Calling all fiction writers: Here’s another chance to write a story.
We’re back with “You Finish the Story,” a River Valley Media Group initiative in partnership with the La Crosse Public Library and the Winona Public Library.
The goal is simple: Add as many twists and turns as you like and finish the story that is started below by noon on Tuesday, Sept. 28.
In this fourth round of submissions, we’ve learned that the best length for print and readability is within or near a limit of 1,000 words. This does not include the words of the prompt.
The previous rounds of “You Finish the Story” drew dozens of submissions across all ages, with our three winners being James Poehling, Andrew Christianson and Sandra Walterman. We once again aim to invite many a writerly mind, so feel free to share this opportunity with friends, young writers and family.
Once you’re ready, simply send your completed story to firstname.lastname@example.org, email@example.com or firstname.lastname@example.org by noon on Tuesday, Sept. 28. Please include your name, city or town and contact information. Include your age and school if a student.
You are welcome to include photos and/or a video to help illustrate your story.
If you prefer to mail, send it to You Finish the Story, La Crosse Tribune, 1407 St. Andrew St., La Crosse, WI 54603.
Or you can drop off entries at the La Crosse Public Library or mail them to La Crosse Public Library c/o Barry McKnight, 800 Main St. La Crosse, WI 54601. You can also drop off submissions at the Winona Public Library’s original Fifth Street entrance.
Our judges will select the winning story, which will be printed in the La Crosse Tribune, Winona Daily News and Chippewa Herald, along with our weekly publications.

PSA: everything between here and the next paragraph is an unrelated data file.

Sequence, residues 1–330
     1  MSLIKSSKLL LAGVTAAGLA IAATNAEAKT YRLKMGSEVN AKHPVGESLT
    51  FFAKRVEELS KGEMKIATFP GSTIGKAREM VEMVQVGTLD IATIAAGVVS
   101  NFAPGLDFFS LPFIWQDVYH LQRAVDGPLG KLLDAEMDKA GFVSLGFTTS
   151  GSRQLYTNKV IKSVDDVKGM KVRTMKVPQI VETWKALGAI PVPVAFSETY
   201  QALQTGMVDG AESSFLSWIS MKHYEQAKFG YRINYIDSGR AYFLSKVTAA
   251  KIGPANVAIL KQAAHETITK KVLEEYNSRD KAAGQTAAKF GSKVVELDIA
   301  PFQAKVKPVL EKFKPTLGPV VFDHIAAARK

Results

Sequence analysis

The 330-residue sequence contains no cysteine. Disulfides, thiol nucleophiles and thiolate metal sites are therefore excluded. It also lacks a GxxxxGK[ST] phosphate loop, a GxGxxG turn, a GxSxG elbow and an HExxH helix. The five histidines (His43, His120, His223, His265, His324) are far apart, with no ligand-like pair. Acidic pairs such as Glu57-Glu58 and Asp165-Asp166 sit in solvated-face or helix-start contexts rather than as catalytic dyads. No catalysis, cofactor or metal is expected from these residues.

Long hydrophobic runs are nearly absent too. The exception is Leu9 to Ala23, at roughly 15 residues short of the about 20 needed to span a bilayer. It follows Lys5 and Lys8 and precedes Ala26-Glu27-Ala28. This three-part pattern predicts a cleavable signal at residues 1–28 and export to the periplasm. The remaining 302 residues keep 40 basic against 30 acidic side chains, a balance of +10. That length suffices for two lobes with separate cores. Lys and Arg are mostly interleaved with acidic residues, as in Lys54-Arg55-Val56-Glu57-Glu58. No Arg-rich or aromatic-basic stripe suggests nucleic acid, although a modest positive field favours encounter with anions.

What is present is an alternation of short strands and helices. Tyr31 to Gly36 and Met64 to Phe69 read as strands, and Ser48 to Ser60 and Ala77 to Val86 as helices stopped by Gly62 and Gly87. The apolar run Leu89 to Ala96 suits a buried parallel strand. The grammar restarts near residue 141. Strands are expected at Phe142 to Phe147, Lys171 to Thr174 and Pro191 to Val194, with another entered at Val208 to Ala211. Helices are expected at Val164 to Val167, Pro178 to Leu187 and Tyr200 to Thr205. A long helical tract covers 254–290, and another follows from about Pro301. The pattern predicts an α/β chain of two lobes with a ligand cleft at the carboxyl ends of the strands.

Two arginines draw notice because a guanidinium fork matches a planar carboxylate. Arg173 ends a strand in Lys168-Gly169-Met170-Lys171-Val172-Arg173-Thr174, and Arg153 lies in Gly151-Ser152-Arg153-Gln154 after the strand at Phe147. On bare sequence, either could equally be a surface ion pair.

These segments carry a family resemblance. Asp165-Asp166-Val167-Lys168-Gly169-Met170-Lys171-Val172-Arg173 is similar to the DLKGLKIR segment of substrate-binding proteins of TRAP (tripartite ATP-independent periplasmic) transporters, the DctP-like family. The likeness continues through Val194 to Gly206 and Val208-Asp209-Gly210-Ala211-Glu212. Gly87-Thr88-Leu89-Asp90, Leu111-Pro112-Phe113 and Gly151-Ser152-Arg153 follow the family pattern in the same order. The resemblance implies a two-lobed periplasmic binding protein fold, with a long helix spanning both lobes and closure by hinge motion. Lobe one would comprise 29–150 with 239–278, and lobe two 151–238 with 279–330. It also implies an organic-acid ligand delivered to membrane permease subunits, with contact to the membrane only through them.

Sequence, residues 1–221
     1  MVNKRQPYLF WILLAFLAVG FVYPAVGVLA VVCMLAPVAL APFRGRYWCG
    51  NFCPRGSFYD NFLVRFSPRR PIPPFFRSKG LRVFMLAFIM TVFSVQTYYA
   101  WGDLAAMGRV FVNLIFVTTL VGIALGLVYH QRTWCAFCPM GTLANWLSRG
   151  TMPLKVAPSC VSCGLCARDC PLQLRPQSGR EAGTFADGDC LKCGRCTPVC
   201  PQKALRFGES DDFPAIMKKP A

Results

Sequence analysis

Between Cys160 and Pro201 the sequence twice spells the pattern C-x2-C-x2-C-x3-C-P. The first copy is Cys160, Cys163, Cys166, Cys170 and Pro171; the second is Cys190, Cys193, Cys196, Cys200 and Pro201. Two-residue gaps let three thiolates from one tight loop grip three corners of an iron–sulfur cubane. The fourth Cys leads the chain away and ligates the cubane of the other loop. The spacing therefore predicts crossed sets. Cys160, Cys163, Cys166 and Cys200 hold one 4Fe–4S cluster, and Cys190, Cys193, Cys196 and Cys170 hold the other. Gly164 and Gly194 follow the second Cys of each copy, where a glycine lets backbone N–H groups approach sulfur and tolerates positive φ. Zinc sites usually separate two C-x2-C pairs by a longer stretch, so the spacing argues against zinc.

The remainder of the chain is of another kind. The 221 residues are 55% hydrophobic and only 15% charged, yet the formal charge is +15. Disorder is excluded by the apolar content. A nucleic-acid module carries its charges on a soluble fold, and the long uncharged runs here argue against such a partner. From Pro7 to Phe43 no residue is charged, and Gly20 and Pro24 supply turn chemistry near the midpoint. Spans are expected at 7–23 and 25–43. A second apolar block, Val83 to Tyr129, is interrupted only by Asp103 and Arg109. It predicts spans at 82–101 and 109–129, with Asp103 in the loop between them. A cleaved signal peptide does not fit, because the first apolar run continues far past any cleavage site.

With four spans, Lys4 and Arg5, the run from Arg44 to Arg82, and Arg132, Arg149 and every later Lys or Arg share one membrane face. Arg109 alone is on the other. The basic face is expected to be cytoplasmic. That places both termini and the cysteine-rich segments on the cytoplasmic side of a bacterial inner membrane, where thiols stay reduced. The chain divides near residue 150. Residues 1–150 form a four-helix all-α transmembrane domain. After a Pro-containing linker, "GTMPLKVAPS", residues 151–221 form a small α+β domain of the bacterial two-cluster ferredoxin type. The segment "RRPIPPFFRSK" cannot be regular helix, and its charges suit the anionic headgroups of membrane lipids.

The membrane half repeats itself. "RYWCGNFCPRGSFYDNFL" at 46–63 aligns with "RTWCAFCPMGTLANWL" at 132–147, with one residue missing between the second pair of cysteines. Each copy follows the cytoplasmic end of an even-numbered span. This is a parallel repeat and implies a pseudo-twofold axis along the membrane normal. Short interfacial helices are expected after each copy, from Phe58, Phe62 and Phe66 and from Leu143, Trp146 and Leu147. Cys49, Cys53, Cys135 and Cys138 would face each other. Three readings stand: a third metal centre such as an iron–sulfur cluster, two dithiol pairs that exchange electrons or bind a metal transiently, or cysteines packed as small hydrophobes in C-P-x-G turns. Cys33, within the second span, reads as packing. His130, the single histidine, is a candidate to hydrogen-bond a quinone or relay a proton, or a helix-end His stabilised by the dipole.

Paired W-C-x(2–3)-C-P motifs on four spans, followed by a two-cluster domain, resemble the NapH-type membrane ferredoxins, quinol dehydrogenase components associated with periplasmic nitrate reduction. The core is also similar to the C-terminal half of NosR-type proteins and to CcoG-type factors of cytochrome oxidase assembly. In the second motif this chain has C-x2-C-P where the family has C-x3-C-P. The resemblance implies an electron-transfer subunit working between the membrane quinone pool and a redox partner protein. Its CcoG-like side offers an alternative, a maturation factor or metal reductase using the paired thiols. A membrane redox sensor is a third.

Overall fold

Please contact Bob Heisse, executive editor, at email@example.com with any questions or suggestions.
Here’s the start of the story:The greatest difference is the heat, Neil thinks as he settles down in his well-worn sling of a camping chair. August of ’69 was miles hotter than the creeping cool of a Wisconsin September.
Granted, when he’d settled onto sparse, prickling grass in the muggy cradle of the Catskills almost fifty years ago, he’d been a spry, long-haired and gregarious twenty-something, not the man he is now, weighed down by his decades.
The sunny Saturday afternoon at the Riverside Park band shell finds Neil far more comfortable than he ever was in the positively sardine-tin crowd of the original Woodstock. Rousing himself from this hazy reverie, he looks up towards the band shell to glimpse a face he’d never expected to see again.
“Everett!” he calls, raspy baritone carrying over the heads of a dozen clusters of families and music patrons. The man looks up, white brows jumping beneath the brim of a threadbare Portobello fedora. “Sparks, it is you!”
Neil sits up some in his chair, wistfulness and nervous anticipation rising within him as he offers his old friend a grin.
“Come on over, set ’er down,” he invites, seeing that Everett is accompanied only by his own folding chair and a sturdy black cane. Wiry white hair spills from beneath the man’s hat, and a matching beard nearly brushes the collar of a plain pinstripe flannel. Dark eyes, set in a dark face above an unremarkable COVID-conscious mask, are as warm with familiarity as they were some forty years past.
Everett strolls over, winding his way between the clusters of families dotting the grass. He sits down, letting his cane rest, and removes his mask to reveal a smile.
“Ever the early birds,” Everett rumbles. Decades have not robbed him of his voice, the deep rich sound Neil had once likened to what a mountain might sound like, given a soul. “It’s been too long, Mister Young.”
Neil barks out a laugh. “The resemblance has hardly beared out, old friend. And neither has the career.”
The first acts of the last night of Moon Tunes begin, serenading away the setting sun. Everett hums, and a comfortable silence settles between the two. A number of tunes come and go before he speaks again.
“Ol’ Mayer brothers playing better than the Dead themselves did back then,” Everett says.
“Could you blame them? Electric shocks and the dearest Aunt Lucy were not a great combo,” Neil replies with an easy grin that the other man returns just as easily. Everett’s smile looks just as it had when they parted ways decades ago.
Neil had chased some elusive dream of his photographic passion up and down that eastern coast before he settled into his life, leaving grand dreams behind but gaining new faces to call family, and Everett …
Everett had returned here, to his home, for reasons he’d never shared.
As the acts fade into mellower tones, Neil works up the courage to ask.
“Everett … what kept you here?”